Relocalization’s Triumph

1003801_10151897491604579_1738258731_nPick up a menu at Triumph Brewery New Hope and you’ll notice something special: it’s all local.

That’s right.

For just under a year now, the upscale brew-pub has been committed to sourcing exclusively from local farms, wholesalers, distilleries, and vineyards. It’s the kind of quixotic experiment you privately shake your head at—until it succeeds.

“When we first began,” General Manager Paul Foglia says, “we were unsure about availability, so we only did half the menu local. Once we realized the simplicity of it, and that it was doable, we moved forward.”

A big part of this transition was Zone 7, a natural foods wholesaler based in Lawerenceville, New Jersey. Zone 7’s vast purchasing power and enormous inventory enabled Triumph to consolidate their orders, expand their menus, and keep from pulling their hair out in the process. It certainly didn’t hurt that the product was of markedly better quality—shorter traveling distances and more conscientious growing practices, after all, make for more appealing dishes.

And ultimately it was the quality that sealed the deal for Foglia et al.

“It was never our intention to jump on a bandwagon; we wanted to separate ourselves from other restaurants in Bucks County and New Hope, to showcase what these great farmers and purveyors have in the area.”

River and Glen, Rushland Ridge, Alba Vineyard, Dad’s Hat, and Blue Moon Acres are just a few of these purveyors. River and Glen supplies meat and seafood; Dad’s Hat provides rye whiskey; Alba and Rushland Ridge, local wine. (Dad’s Hat also donates spent barrels, in which Triumph ages select beers, the barrels lending overtones of smoke and caramel to the brews.) Moreover, Buck’s County-based Freedom Fuel uses Triumph’s spent fryer oil to make soaps and degreasers which Triumph then uses to keep its kitchen spic and span. (Freedom also uses fryer oil to make biodiesel which we at Blue Moon use to power our farm equipment!)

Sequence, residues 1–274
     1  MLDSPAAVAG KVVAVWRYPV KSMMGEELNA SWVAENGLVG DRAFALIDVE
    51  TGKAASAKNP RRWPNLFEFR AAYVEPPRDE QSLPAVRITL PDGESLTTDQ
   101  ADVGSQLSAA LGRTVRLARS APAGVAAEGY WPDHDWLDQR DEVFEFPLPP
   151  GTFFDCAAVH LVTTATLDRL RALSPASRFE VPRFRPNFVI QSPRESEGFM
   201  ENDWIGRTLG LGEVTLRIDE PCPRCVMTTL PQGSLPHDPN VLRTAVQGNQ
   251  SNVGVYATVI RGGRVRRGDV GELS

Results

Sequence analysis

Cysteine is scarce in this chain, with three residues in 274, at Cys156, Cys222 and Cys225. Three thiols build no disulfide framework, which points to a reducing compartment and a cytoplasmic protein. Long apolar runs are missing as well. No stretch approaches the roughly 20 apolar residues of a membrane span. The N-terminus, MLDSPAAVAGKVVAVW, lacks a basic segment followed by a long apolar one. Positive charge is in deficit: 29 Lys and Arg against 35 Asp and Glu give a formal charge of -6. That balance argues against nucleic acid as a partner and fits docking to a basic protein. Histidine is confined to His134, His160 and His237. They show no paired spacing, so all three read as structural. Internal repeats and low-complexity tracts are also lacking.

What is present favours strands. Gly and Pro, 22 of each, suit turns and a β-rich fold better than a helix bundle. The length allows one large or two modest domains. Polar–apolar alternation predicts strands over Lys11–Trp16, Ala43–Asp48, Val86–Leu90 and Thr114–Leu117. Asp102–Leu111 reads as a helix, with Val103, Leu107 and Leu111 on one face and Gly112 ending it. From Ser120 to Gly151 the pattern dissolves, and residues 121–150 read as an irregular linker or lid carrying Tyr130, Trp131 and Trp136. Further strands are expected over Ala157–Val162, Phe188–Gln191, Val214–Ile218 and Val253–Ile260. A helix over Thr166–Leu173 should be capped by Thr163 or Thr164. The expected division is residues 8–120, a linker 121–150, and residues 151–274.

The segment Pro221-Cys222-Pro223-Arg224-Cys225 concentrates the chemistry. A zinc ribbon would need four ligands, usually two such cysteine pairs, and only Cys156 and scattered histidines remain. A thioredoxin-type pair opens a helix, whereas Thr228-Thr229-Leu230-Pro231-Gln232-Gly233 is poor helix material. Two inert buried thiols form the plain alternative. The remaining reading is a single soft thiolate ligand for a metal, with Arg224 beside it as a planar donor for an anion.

Virtuous though all this may sound, relocalization is not without downsides. The wintertime can be especially problematic: with produce limited to root vegetables, chefs’ creativities’ are put to the test. Even at the height of summer, menus must be updated daily to reflect an ever-changing availability.

Says Executive Chef Tony Sauppe, “The biggest challenge is guessing how much product I’m going to go through in a week for an entire menu. You don’t want to waste product, but you need enough to get you through the following week.”

Despite the challenges, both Sauppe and Paul agree that relocalization is the way to go.

“I never ever want to go back to a regular menu,” Sauppe says. “Never want to not do a local-style menu. It just makes so much sense.”

Bucks County, it seems, agrees.